Andrew Browning, associate at law firm Thomas Eggar, considers the implications of suggested employment law alterations for employers.
The Chancellor, George Osborne, announced in October that in an effort to reduce the number of employment tribunal claims being made and “red tape” for employers, the qualifying period that an employee must work for their employer before being able to claim unfair dismissal would increase from one year to two years and that there would be a requirement for the Claimant to pay a fee when making a claim to the employment tribunal. Trade unions cried foul over these changes but how beneficial will they be to manufacturers?
The increase of the qualifying period is likely to be welcomed by a majority of manufacturers as it gives more control back to the employer. But will this reduce the number of unfair dismissal claims being made in reality, since many employees in the industry have far more than 2 year service.
In addition, the benefits of this change could be hampered by the fact that there is no qualifying period for employees making claims of discrimination. Former employees regularly make claims that their dismissal was an act of discrimination (on the grounds of race, disability, gender etc). The lack of a qualifying period for discrimination claims means that such claims can still be made. The government is unable to introduce any qualifying period for discrimination claims as these are derived from European Directives.
In fact, there has already been a drop in the number of unfair dismissal claims made to the Employment Tribunal from 57,400 in 2009/2010 to 47,900 in 2010/2011. These statistics could indicate that employers have become more careful to remain complaint with official dismissal procedures. Arguably the best way to avoid a claim of unfair dismissal is for a manufacturer to have clear dismissal procedures in place, and to follow these rigorously when considering whether or not to dismiss an employee. Transparency of such rigour will discourage unfounded claims.
Employment tribunal fees
It is understood, although not confirmed, that the fee for lodging an employment tribunal claim will be in the region of £250 with a further £1,000 fee that will also be payable by the claimant when the claim is listed for a hearing. These fees will be repaid if the claimant is successful. It is also thought that claimants who have no income will not have to pay the fees.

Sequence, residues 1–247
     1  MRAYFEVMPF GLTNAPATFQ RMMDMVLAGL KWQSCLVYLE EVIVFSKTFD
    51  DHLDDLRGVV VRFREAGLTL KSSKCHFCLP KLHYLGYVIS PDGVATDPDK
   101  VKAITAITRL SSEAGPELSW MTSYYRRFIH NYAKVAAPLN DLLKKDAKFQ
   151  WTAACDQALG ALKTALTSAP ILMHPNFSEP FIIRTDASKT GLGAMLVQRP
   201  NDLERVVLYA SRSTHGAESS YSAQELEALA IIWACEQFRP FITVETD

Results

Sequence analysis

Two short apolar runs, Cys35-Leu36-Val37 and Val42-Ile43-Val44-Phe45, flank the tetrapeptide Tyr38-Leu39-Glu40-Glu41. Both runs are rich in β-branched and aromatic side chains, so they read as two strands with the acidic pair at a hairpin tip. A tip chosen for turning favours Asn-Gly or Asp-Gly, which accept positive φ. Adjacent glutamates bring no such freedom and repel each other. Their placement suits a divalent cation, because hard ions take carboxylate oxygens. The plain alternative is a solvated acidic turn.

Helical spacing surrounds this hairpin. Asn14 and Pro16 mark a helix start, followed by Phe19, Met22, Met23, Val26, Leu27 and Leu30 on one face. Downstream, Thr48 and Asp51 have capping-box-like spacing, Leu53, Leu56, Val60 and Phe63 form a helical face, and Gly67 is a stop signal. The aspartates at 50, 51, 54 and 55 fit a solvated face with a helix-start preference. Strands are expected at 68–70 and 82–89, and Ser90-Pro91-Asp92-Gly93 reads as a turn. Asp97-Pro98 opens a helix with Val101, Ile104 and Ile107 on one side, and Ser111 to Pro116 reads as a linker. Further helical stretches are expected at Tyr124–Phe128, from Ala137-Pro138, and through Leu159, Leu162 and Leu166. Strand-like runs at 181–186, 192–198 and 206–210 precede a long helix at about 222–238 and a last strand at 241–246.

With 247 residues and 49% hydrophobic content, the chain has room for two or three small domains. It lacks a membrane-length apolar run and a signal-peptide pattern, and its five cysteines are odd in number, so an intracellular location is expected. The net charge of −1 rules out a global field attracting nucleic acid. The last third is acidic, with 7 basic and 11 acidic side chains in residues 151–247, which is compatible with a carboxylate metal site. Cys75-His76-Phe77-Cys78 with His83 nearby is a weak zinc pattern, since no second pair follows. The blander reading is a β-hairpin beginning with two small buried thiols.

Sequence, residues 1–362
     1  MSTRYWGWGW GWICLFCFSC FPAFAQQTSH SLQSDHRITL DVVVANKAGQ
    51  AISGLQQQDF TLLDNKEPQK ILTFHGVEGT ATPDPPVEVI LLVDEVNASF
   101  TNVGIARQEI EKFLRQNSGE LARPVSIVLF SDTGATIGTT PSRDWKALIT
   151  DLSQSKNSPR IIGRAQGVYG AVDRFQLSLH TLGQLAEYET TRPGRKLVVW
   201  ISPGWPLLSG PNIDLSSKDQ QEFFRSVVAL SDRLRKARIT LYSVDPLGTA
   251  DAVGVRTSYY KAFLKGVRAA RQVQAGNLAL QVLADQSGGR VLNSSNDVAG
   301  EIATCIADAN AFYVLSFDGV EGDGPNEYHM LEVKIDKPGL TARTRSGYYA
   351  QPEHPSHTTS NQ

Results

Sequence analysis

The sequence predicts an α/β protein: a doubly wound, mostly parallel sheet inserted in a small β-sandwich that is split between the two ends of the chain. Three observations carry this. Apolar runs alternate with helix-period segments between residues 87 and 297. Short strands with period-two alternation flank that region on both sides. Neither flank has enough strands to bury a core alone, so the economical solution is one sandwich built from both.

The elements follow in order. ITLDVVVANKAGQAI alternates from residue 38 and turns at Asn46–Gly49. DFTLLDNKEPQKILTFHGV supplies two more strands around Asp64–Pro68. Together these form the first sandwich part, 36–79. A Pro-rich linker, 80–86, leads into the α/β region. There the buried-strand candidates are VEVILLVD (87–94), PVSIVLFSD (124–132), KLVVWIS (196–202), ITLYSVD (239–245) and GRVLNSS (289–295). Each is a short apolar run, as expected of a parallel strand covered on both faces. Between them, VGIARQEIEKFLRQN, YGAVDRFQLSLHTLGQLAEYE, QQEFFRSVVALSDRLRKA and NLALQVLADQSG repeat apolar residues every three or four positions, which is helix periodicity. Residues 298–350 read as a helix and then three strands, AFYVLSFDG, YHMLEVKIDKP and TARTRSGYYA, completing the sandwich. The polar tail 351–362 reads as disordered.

It is difficult to dispute that a fee will make potential litigants think carefully before making a claim to the tribunal. Further, the £1,000 listing fee may encourage early settlement of a claim before the matter is listed for hearing.
However, the exemption from paying fees by claimants who have no income may render the deterrent nature of the fee impotent. It is hardly beyond the bounds of credibility that someone who is making a claim of unfair dismissal will not have a job at the time that they make a claim, and so will be exempt.
It has been argued that tribunal fees will prevent vexatious litigants. The problem with this argument is that vexatious litigants by their very nature can be particularly determined to “see their former employer in court” no matter what the cost. While the potential tribunal fees may be a significant expense, often these types of litigants will find a way to pay as their sole intention is to make life as difficult as possible for their former employer.
Tribunal fees will in all likelihood reduce the number of claims being made but perhaps not to the extent government hopes.
The increase in the qualifying period to claim unfair dismissal and the introduction of tribunal fees is probably going to reduce the number of claims made to the Employment tribunal. It is, however, open to debate as to how significant this reduction will be.
Importantly, from an employer point of view, these changes do not deal with the expense that is incurred by the employer in terms of legal fees and loss of management and staff time when a claim is made.